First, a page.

Although corn is a general term used to refer to grain or kernels of grain in the King James Version of the Bible (e.g., Genesis 41:5; Exodus 22:6; Isaiah 28:28),48 when corn is referred to in the Book of Mormon (Mosiah 7:22; 9:9, 14), we assume that Joseph Smith was referring to maize (Zea mays L.), or corn as it is known in America today.49 That the Prophet Joseph was not using the term in the generic biblical sense is perhaps evidenced in Mosiah 9:9: “And we began to till the ground, yea, even with all manner of seeds, with seeds of corn, and of wheat, and of barley, and with neas, and with sheum, and with seeds of all manner of fruits; and we did begin to multiply and prosper in the land.” As previously mentioned, the appearance in this passage of the Nephite terms neas and sheum suggests that Joseph Smith was not familiar with the plants to which they referred and so left the terms in their original language.50 In contrast, he would have been amply familiar with wheat, barley, and maize, or “corn,” as he would have called it, and accordingly translated the Nephite terms for these grains into English.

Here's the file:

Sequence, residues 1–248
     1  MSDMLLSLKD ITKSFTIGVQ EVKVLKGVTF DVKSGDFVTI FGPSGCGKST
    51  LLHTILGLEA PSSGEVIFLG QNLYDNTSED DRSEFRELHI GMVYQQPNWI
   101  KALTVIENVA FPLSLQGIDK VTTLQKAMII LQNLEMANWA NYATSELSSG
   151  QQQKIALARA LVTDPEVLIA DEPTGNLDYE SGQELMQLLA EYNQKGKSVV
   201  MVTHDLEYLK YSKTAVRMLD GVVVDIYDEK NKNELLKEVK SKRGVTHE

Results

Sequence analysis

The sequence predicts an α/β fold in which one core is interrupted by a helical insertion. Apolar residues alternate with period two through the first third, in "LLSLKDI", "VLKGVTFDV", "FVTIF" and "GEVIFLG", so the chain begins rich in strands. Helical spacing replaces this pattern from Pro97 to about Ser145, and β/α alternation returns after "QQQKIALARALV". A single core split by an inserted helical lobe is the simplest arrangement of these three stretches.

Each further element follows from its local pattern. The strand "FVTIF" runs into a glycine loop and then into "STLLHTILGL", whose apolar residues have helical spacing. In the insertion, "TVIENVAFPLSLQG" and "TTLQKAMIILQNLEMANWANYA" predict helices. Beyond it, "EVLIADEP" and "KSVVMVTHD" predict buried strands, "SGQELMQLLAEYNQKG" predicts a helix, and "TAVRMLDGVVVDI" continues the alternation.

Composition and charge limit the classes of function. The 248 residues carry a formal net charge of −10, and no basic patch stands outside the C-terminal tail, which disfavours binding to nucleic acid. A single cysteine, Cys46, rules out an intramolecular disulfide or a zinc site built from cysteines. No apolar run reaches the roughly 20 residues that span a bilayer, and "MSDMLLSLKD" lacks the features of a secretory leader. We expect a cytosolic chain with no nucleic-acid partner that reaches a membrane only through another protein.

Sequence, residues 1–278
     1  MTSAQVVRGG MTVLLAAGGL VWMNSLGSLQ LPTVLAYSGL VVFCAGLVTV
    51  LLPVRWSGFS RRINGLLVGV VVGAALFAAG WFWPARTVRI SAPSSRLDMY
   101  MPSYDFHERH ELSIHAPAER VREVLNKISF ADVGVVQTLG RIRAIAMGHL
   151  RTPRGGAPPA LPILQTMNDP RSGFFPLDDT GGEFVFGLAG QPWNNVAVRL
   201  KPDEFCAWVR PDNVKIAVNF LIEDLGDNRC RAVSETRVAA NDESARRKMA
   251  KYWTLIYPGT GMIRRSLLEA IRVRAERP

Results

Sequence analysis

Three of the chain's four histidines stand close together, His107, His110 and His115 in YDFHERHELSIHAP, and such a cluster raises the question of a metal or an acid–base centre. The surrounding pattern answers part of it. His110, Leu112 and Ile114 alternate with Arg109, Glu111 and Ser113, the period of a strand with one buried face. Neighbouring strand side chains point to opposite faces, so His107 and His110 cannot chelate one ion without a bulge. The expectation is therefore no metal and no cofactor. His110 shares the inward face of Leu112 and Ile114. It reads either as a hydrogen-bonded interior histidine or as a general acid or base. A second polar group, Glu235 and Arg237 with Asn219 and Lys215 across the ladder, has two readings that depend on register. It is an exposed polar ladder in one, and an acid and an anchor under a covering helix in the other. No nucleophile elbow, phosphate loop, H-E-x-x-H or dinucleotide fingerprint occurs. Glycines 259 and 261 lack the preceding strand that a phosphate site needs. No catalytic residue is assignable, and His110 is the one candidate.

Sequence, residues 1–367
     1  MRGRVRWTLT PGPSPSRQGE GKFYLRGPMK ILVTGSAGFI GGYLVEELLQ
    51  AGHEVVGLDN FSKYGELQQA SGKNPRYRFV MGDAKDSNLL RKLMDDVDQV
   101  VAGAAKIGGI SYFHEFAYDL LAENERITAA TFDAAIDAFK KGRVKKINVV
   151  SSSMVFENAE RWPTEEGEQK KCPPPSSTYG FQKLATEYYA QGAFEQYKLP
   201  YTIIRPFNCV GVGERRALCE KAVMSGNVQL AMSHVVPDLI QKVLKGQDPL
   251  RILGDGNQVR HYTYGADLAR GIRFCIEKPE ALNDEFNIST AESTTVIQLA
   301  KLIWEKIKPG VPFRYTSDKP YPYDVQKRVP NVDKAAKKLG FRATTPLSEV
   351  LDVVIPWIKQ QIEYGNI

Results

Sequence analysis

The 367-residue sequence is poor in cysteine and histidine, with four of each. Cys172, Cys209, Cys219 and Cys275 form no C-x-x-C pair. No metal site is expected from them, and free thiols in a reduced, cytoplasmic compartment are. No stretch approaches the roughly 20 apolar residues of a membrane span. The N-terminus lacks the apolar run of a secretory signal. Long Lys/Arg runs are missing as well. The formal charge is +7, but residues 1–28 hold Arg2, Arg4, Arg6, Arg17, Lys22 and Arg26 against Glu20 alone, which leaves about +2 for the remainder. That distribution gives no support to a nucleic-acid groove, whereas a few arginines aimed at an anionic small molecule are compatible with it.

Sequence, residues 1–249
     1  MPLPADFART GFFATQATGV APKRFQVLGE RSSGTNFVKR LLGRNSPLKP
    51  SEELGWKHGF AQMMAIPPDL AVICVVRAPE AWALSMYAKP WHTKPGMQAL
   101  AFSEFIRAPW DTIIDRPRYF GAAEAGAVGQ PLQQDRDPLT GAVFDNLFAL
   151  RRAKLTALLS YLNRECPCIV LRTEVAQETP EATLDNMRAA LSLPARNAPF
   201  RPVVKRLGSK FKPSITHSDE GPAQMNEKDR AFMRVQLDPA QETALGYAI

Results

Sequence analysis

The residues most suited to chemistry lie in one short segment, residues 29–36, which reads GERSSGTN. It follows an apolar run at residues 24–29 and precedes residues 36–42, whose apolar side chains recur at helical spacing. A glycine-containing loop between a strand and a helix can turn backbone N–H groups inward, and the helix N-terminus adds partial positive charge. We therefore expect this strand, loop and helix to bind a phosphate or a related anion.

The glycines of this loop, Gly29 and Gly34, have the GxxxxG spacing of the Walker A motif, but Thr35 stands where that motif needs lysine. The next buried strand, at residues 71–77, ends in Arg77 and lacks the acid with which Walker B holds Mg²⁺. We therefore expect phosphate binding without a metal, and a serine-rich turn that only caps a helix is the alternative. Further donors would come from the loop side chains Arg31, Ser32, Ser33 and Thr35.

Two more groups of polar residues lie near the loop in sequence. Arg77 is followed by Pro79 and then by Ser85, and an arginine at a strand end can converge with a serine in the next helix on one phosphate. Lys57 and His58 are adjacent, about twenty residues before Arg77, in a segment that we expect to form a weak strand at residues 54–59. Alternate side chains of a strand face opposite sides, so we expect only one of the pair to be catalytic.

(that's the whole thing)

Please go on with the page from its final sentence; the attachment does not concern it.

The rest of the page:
Maize is a New World plant first domesticated in the Americas, possibly in more than one area. It is generally believed that maize originated in Mexico and was domesticated from wild maize (teosinte) in south central or southwestern Mexico51 in semiarid regions at elevations above 4,500 feet.52 DNA sequence data between two morphologically similar teosinte taxa indicate that the wild species of maize diverged about seven hundred thousand years ago from a common ancestor. The domestication process was relatively recent and may have been based on a relatively small number of founding individuals that retained a substantial proportion of the genetic variation of their progenitors and diverged rapidly in morphology.53 Maize similar to current types has been important in highland Mexico for millennia. Perhaps the earliest appearance of domesticated maize in the area can be found at Tehuac?n (Mexico) at levels that may date to as early as 5000 BC,54 though recent studies with maize starch suggest dates between 5000 and 3000 BC.55 Phytolith analysis56 suggests that by 2450 BC maize cultivation had reached Ecuador.57 By the time early explorers came to America maize was being cultivated from Canada to Chile.58